"The idea is to hit your opponent, to batter him if necessary. If you don't, he'll hit and batter you. Every so often, a boxer dies. Whenever that happens, some people like to shout that boxing should be outlawed, that it's unnecessarily brutal. Most of the time, the shouters are politicians who know it's an easy way to get their name in the newspapers. But an occasional death doesn't mean a sport should be abolished. If that were the case, auto racing should be abolished. So should football."
- Sugar Ray Robinson
THE GREATEST boxer ever to lace up a pair of padded gloves told collaborator Dave Anderson that in his 1969 autobiography, "Sugar Ray." Robinson was reflecting on his world welterweight title defense against Jimmy Doyle, who died as the result of injuries suffered in their June 1947 bout in Cleveland. Hardly anyone in the audience that night gave Doyle much chance to dethrone Robinson, who took a 78-1-1 record, with 52 knockouts, into the ring; few, however, could have anticipated just how high a price the challenger would pay for even making the attempt.
So now we add the name of Francisco Rodriguez to those of Jimmy Doyle, Benny "Kid" Paret, Duk-Koo Kim and any number of others who discovered that a boxing match sometimes can become a fight to the death.
Rodriguez was removed from life-support at Hahnemann University Hospital on Sunday evening, 2 days after his 10th-round technical knockout by North Philadelphia's Teon Kennedy in a bout for the vacant USBA super bantamweight title at the Blue Horizon.
Death is the shadow that hovers above every fighter who accepts danger as an occupational risk.
Alex Rodriguez is the eldest of three boxing brothers; Francisco, 25, was the youngest, a five-time Chicago Golden Gloves champion who was the family's last, best hope of hitting the big time. Alex was Francisco's manager, and their shared goal was for the kid brother, known to his family and friends as "Paco," to go all the way to a world title. Alex believes it can still happen, in a sense, through the harvesting of Francisco's organs.
"My brother had a perfect heart, perfect lungs, perfect kidneys, perfect pancreas," Alex said yesterday, his voice choked with emotion. "Because of him, other people will have a chance for better health, more birthdays, the fulfillment of their own dreams. Paco is going to continue walking through this world through them."
Alex also wants to believe that a part of Francisco will live on in Kennedy, for whom he holds no animosity. The new USBA champion was just doing what he was supposed to do, which was trying to win. He did not enter the ring with lethal intentions, nor did Francisco Rodriguez.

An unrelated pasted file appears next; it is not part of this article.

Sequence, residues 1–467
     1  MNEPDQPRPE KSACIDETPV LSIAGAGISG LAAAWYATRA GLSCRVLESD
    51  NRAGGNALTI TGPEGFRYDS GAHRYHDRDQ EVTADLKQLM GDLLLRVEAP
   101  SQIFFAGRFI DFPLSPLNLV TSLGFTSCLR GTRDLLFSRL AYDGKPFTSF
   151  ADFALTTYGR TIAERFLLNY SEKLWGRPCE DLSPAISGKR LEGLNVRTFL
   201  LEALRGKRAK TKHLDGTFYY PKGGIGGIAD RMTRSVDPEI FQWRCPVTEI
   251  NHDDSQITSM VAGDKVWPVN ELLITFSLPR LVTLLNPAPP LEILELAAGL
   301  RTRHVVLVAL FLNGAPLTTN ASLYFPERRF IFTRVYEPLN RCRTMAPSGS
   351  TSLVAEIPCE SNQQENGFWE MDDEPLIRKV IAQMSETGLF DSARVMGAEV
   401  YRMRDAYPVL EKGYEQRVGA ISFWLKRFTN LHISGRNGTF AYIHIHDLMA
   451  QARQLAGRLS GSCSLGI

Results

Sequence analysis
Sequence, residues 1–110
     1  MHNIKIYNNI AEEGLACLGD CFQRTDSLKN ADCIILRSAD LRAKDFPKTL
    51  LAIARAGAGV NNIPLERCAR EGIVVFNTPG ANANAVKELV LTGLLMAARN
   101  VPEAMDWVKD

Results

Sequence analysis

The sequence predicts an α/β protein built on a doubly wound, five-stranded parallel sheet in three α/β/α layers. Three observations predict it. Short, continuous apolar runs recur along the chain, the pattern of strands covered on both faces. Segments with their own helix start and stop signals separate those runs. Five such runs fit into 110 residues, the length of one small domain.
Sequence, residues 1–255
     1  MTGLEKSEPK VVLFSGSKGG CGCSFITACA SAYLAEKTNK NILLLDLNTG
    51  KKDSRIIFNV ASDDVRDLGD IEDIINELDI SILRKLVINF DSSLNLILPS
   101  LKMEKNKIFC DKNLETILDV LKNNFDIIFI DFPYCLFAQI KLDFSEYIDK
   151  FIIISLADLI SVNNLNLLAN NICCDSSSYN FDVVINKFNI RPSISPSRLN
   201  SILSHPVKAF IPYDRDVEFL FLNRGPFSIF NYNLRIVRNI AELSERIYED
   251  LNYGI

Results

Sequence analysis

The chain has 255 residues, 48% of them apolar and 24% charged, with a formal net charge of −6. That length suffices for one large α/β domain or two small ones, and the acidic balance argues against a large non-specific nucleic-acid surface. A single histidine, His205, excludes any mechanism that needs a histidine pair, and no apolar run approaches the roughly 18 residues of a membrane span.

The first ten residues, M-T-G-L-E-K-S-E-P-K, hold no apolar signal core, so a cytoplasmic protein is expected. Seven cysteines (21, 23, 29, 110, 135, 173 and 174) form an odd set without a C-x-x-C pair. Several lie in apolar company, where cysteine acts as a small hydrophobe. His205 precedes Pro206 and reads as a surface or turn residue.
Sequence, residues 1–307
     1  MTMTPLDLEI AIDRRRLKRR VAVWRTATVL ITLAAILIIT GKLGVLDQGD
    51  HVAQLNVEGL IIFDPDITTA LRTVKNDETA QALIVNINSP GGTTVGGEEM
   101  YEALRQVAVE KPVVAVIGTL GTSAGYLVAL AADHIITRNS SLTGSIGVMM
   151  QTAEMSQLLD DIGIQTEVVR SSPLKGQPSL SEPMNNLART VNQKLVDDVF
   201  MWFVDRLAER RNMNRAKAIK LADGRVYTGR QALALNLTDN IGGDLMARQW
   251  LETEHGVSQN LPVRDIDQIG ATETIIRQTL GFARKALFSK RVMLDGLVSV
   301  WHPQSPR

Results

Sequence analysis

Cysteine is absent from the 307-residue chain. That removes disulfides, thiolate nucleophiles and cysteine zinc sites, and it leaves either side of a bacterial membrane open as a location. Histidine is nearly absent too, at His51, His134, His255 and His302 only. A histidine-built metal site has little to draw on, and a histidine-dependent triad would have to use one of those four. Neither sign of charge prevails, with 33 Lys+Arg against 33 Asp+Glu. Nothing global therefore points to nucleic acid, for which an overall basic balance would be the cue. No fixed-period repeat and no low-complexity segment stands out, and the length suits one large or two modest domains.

"I talked to Russell Peltz, the promoter," Alex said. "I told him I don't know this Kennedy guy, I don't know what he's feeling now, but I hope he understands that my family is not upset at him. I hope he goes on to achieve everything my brother wanted to achieve. I wish him nothing but the best. He's a good fighter, and I know Paco would not want him to stop doing what he does because of this. Fighters fight. You can't stop being who and what you are."
For his part, Kennedy said he didn't think he would hesitate the next time he has an opponent in trouble, but he sounded as if he couldn't be absolutely certain. Perhaps the sight of Rodriguez being strapped onto that gurney is too fresh in his memory.
"I don't believe I would hold back [in a similar situation]," Kennedy said. "This is my job. I want to become a world champion. If I can't give it my all, that can never happen."
As much as anyone, former WBA lightweight champion Ray "Boom Boom" Mancini knows how heavy a burden those who kill a man with their fists can carry. Perhaps no boxing death has had the ripple effect of Mancini's fatal, 14th-round knockout of South Korea's Duk-Koo Kim in 1982. After undergoing emergency brain surgery, Kim died 4 days later. Soon afterward, his grieving mother committed suicide by ingesting a bottle of pesticide, and on July 1, 1983, the bout's referee, Richard Green, also took his own life.
Mancini continued to fight, but, he said, the joy had gone out of boxing for him, never to return.
"It was horrible," Mancini said of the aftermath of the Kim fight. "People - some very young - would come up to me and ask what it's like to kill somebody. I couldn't believe the lack of compassion. I still don't.
"The only thing that kept me going is that I relied on my faith. I prayed and prayed. I prayed for peace, and I made my peace with what I'd done. I asked God to forgive me, and I think he did.
"You tell yourself that this is the business you chose. You seek answers, but you don't always get them. Mostly, I asked myself, 'Why him and not me?' I'd only recently won the title. I had the opportunity to financially secure my future, and I, fortunately, was able to do that.
"But after that fight, I lost my zest for boxing. And without that zest, that passion, I knew it was the beginning of the end for me. I was already looking to get out. Besides, my style wasn't made for having a long career anyway."
Mancini said that he would counsel the Rodriguez family and particularly Kennedy if they sought him out.
"I knocked out guys after the Kim fight," he noted. "I had guys in trouble along the ropes. But I knew if I froze up, that probably would be me getting the worst of it. And once that happens, once you become afraid to just let it go, you're finished as a fighter."
Greg Sirb, executive director of the Pennsylvania State Athletic Commission, declined to comment when asked whether there will an investigation into the Rodriguez-Kennedy bout or whether anything different might have been done to prevent its tragic outcome. *
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